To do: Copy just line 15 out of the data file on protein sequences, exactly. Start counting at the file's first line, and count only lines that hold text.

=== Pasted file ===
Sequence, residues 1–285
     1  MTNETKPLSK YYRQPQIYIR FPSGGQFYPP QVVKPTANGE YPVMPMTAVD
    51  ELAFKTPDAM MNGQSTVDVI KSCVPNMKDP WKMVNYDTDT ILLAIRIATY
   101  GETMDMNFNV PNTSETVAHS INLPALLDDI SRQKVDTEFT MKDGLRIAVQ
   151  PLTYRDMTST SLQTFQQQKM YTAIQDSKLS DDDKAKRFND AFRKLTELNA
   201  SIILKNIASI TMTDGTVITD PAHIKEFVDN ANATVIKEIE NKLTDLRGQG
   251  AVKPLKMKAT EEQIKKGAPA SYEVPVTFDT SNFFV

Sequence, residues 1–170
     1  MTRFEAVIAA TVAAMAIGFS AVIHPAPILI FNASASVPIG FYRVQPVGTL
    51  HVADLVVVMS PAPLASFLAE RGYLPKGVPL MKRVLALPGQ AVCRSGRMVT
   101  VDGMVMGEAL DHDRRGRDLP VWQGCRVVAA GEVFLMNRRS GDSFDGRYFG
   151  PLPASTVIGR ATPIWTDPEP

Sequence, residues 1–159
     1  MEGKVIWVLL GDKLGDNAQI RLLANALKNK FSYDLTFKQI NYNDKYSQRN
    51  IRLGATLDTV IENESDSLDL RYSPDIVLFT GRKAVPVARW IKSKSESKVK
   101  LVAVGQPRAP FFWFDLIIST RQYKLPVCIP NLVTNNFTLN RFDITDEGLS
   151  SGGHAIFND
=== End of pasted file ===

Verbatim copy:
    51  IRLGATLDTV IENESDSLDL RYSPDIVLFT GRKAVPVARW IKSKSESKVK